Mockingjay by Suzanne Collins

Mockingjay is the third and final installment in The Hunger Games series. **There are a few spoilers, so proceed with caution**

Katniss has escaped the arena twice now, but is no safer for it. After being rescued from the arena, Katniss is whisked away to District 13, the headquarters of the rebellion. Panem is now in a state of open rebellion, and the leaders of the rebellion want Katniss to be the Mockingjay – the symbol of the revolution and rallying point for the people of Panem. The problem is Katniss has no idea how to be the Mockingjay and the injuries she sustained in the arena do not make it any easier.

Adding to her distress is the fact that the Capitol has taken Peeta prisoner and is using him not only to counteract the cause, but to also mentally and emotionally break Katniss. While Peeta is eventually rescued, he is no longer Peeta that we have all come to know in the previous books.

Mockingjay answers all of the unanswered questions – Will Panem win its independence? Will The Hunger Games become a thing of the past? Who will Katniss choose – Gale or Peeta? Who will survive the revolution to pick up the pieces? What will replace the Capitol if it should fall?

Mockingjay is pretty action packed. There are a lot of unexpected twists and quite a few of the main characters do not survive. The first time I read this book, it seemed to take forever to reach the climax of the story. For some reason the story seemed to move very slowly, even though there was a lot happening. Having read it for the second time, I didn’t feel that as much, but that is probably because I was familiar with the story.

Nevertheless, the second time around I still found myself wanting in a few areas. I thought the love triangle was a little too drawn out, and while I was originally on Team Gale, it quickly became apparent to me that Peeta was the one Katniss should end up with. However, throughout Mockingjay Katniss continually flip flops between the two. It leads one to wonder if she knows herself at all, or if she is capable of making a decision for herself. She continues to lead them both on, incapable of making a decision, which is somewhat cruel. I think in the end, it’s really Gale who makes the decision for her. While Katniss is sent back to District 12 to live, Gale remains in District 2. It seems that he got fed up waiting for her to make up her mind and chose him. Katniss is all too willing to go along with this decision, because it lets her off the hook completely. She doesn't really make a decision, she simply respects Gale’s decision to stay away.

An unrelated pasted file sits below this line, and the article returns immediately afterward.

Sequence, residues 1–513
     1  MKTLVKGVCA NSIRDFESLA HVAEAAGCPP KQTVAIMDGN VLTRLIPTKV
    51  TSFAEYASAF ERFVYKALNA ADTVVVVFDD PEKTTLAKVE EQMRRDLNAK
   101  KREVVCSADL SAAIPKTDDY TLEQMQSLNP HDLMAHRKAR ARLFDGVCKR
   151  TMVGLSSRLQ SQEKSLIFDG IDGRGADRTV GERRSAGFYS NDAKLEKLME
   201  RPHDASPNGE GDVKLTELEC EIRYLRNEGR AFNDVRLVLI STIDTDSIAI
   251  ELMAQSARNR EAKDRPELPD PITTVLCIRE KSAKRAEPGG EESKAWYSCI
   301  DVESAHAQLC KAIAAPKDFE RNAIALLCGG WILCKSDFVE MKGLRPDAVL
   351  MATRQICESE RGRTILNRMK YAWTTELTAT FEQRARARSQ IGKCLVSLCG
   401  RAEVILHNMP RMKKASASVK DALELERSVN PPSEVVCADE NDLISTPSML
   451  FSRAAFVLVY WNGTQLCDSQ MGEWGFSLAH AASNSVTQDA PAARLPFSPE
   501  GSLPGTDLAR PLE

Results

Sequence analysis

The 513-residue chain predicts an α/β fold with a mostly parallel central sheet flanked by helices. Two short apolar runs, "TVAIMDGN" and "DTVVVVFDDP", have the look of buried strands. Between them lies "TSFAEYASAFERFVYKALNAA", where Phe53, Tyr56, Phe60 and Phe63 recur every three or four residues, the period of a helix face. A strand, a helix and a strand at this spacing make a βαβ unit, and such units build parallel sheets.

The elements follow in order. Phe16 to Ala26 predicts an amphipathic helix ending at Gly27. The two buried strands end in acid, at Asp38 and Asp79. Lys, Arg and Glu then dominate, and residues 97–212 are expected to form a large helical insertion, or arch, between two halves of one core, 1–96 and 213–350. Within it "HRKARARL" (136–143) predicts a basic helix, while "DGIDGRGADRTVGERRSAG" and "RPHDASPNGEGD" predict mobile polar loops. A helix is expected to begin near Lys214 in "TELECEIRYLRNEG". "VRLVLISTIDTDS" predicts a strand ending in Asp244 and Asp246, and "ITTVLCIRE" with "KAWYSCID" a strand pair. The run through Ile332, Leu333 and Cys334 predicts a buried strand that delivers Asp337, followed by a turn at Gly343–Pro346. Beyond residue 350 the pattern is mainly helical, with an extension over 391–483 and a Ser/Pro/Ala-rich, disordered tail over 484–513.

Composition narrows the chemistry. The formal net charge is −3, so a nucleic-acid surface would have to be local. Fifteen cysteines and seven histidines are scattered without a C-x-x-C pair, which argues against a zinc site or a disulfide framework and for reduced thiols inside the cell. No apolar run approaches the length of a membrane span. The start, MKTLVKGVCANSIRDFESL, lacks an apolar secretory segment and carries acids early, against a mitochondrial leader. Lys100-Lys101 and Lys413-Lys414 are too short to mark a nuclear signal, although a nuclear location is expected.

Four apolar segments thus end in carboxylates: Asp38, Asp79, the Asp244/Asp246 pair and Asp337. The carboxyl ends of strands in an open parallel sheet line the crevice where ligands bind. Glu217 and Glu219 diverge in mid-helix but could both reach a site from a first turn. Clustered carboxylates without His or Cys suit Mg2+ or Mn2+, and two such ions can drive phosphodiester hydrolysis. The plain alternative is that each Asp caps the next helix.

I am happy she ends up with Peeta. He is broken and destroyed just like she is. However, what makes Peeta special and perfect for Katniss is his ability to remain optimistic. Peeta and Katniss have been made to suffer and they have both lost a lot, but Peeta still has hope that the future can be better. Katniss is definitely a pessimist, and has great trouble seeing the beauty in life, which is why Peeta is the perfect balance for her. Gale’s fire is too driven by hatred and rage. He would never be able to be what Katniss needs to survive. He could never give her the hope that she needs. However, I’m not sure that I could argue that she really chose Peeta either. He was the one who stayed, and through the process of healing they grew together. There is no grand, passionate confession. He’s just there, and she realizes it is better to live with him then without him. I don't doubt that she does care for him, but I also was not left with the impression that Katniss has a burning passion for him. This leaves a romantic like myself slightly disappointed.

I was also a little disappointed with the character of Katniss overall. When we first meet her she is a clever, resourceful, strong, and independent female. She alone has carried the burden of keeping herself and her family alive. It certainly has made her somewhat cold and distant, but you know that she will do anything in her power to survive and keep her family alive, even if it requires doing something illegal. By the time Mockingjay comes along, few of those traits remain. She is reduced to a broken child who really only seems to complain and do what others tell her to do. She can’t seem to make her own decisions about anything. She constantly second guesses herself, and allows others to influence her thoughts and feelings way too much. She throws pity party after pity party and runs away from her problems rather than deal with them. While some of that makes sense considering what she has been through, it did get a bit tiring and annoying. I found myself missing the tough girl from the Seam.

There were glimpses of the old Katniss throughout Mockingjay, but she always seemed to revert back to this less than ideal version of herself. I wanted her to get over herself and charge into the fray and be the Mockingjay. I wanted her to lead the revolution, rise above all that had been done to her, and prove that she was a survivor. I wanted her to prove that she could survive not only all of the physical stuff they put her through, but also prove that she wasn’t broken mentally or emotionally, that she was stronger than anything they could ever do to her. I wanted her to harness her own personal strength and refuse to be defeated. That moment for me never materialized, which left me disappointed in her character. While she did have moments, they never felt fully realized to me and they were usually followed by less than lackluster moments.

Despite these slight disappointments, I still highly recommend the series. It is definitely worth the read. The stories are well written and are certainly entertaining. They are also really quick reads – I read the entire series in a weekend.

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